By Jack Phillips
Texas Gov. Greg Abbott on Monday said he would defy a Department of Justice (DOJ) request to remove inflatable, floating barriers in the Rio Grande and suggested he would fight the DOJ in court.
“Texas will fully utilize its constitutional authority to deal with the crisis you have caused,” Mr. Abbott, a Republican, wrote in a letter to President Joe Biden after the DOJ’s request to remove the barriers along the river, which forms the border between Mexico and Texas. “Texas will see you in court, Mr. President.”
Several days ago, the DOJ sent Texas a letter notifying Mr. Abbott that the agency would sue the state for allegedly violating federal immigration law. There were reports that the Biden administration, namely, gave the Abbott administration a deadline of Monday at 2 p.m. ET to commit to the removal of the border barriers or face a lawsuit, according to the letter.
The White House on Monday responded to Mr. Abbott’s latest statement, saying that his defiance is “dangerous and unlawful.”
“Governor Abbott’s dangerous and unlawful actions are undermining that effective plan and making it hard for the men and women of Border Patrol to do their jobs of securing the border. The governor’s actions are cruel and putting both migrants and border agents in danger,” White House spokesman Abdullah Hasan said Monday, according to media reports.
Hasan added that if Texas “truly wanted to drive toward real solutions, he’d be asking his Republican colleagues in Congress, including Texas Senator Ted Cruz, why they voted against President Biden’s request for record funding for the Department of Homeland Security and why they’re blocking comprehensive immigration reform and border security measures to finally fix our broken immigration system.”
And in its letter, the DOJ claims Mr. Abbott violated the federal Rivers and Harbors Act, which requires only the U.S. Army Corps of Engineers’ approval before barriers can be erected on navigable waterways in the United States. It said that Mr. Abbott and the Texas Department of Public Safety both did not obtain approval from the Corps of Engineers beforehand.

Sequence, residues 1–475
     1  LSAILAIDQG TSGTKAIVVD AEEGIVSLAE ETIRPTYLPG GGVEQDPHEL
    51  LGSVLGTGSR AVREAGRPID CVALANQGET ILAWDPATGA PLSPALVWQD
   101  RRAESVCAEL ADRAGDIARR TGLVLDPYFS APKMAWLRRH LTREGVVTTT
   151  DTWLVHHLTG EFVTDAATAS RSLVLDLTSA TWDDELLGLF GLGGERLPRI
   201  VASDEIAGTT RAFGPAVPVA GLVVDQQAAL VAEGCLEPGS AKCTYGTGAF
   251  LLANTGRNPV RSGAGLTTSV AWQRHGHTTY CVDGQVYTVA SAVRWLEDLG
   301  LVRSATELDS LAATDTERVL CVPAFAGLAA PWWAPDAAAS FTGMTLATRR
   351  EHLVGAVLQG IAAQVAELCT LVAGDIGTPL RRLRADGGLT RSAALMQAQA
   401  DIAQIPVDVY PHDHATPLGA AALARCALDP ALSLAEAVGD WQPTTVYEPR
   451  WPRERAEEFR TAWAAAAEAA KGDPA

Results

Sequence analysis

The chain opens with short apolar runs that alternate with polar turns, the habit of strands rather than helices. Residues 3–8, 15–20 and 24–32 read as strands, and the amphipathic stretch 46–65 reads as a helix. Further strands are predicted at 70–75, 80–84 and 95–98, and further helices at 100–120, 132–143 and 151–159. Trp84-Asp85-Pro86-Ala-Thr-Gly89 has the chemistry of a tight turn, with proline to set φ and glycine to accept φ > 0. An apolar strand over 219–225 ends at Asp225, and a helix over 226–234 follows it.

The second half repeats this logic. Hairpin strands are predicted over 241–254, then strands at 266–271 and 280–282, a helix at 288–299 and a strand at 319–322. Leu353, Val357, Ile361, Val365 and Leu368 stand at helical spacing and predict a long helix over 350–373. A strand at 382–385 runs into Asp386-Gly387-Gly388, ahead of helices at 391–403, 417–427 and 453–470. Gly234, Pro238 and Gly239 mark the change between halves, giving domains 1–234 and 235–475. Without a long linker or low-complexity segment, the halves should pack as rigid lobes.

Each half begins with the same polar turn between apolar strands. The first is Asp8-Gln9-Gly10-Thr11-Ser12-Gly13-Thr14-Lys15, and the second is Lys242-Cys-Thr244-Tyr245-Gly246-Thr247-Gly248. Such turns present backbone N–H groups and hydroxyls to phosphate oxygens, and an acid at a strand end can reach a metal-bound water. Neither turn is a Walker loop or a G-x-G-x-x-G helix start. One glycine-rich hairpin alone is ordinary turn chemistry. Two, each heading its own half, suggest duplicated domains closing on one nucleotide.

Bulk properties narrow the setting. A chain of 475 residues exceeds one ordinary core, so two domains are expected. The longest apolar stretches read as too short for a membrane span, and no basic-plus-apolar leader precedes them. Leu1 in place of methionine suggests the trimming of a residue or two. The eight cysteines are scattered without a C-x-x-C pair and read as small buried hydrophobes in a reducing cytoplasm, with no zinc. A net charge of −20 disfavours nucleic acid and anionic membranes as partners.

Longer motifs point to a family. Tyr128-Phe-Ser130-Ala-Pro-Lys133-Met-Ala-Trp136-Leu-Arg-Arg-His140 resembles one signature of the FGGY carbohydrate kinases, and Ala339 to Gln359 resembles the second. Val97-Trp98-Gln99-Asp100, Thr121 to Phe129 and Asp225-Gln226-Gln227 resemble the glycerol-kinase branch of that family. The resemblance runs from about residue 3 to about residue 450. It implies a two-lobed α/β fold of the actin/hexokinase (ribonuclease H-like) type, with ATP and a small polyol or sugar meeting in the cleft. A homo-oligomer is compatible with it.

“This floating barrier poses a risk to navigation, as well as public safety, in the Rio Grande River, and it presents humanitarian concerns,” last week’s letter said, according to multiple news reports. “Thus, we intend to seek appropriate legal remedies, which may include seeking injunctive relief requiring the removal of obstructions or other structures in the Rio Grande River.”
Mexico’s government also filed a complaint and claimed that Mr. Abbott’s deployment of buoys is a violation of water treaties between the United States and Mexico. Mexico’s incoming secretary of foreign affairs, Alicia Bárcena, told Reuters that a diplomatic letter of complaint was submitted in late June.
But Mr. Abbott has said that under the U.S. and Texas constitutions, his administration has the authority to defend the U.S. border.
“Texas has the sovereign authority to defend our border, under the U.S. Constitution and the Texas Constitution,” he wrote on Twitter on Friday. “We have sent the Biden Administration numerous letters detailing our authority, including the one I hand-delivered to President Biden earlier this year.”
At the same time, Texas Department of Public Safety Director Steven McCraw said last month at a news conference that would-be illegal immigrants face significant danger when they try to cross the Rio Grande. The buoys are designed to mitigate that threat.
“Anytime they get in that water, it’s a risk to the migrants. This is the deterrent from even coming in the water,” he said.
Around the Fourth of July holiday, four people, including an infant, drowned near Eagle Pass as they attempted to cross the Rio Grande, officials said.
The federal International Boundary and Water Commission, whose jurisdiction includes boundary demarcation and overseeing U.S.–Mexico treaties, said it didn’t get a heads-up from Texas about the proposed floating barrier.
“We are studying what Texas is publicly proposing to determine whether and how this impacts our mission to carry out treaties between the U.S. and Mexico regarding border delineation, flood control, and water distribution, which includes the Rio Grande,” Frank Fisher, a spokesperson for the commission, said in a statement.
It comes as border crossing dynamics shifted in May after the Biden administration stopped implementing Title 42, a pandemic-era public health policy that turned many illegal immigrants. New rules allowed people to seek asylum through a government application and set up appointments at the ports of entry, though the maximum allowed in per day is set at 1,450. The Texas governor’s policies target the many who are frustrated with the cap and cross illegally through the river.
Earlier iterations of Abbott’s border mission have included installing miles of wire at popular crossing points on the river and creating state checkpoints beyond federal stops to inspect incoming commercial traffic.
The Associated Press contributed to this report.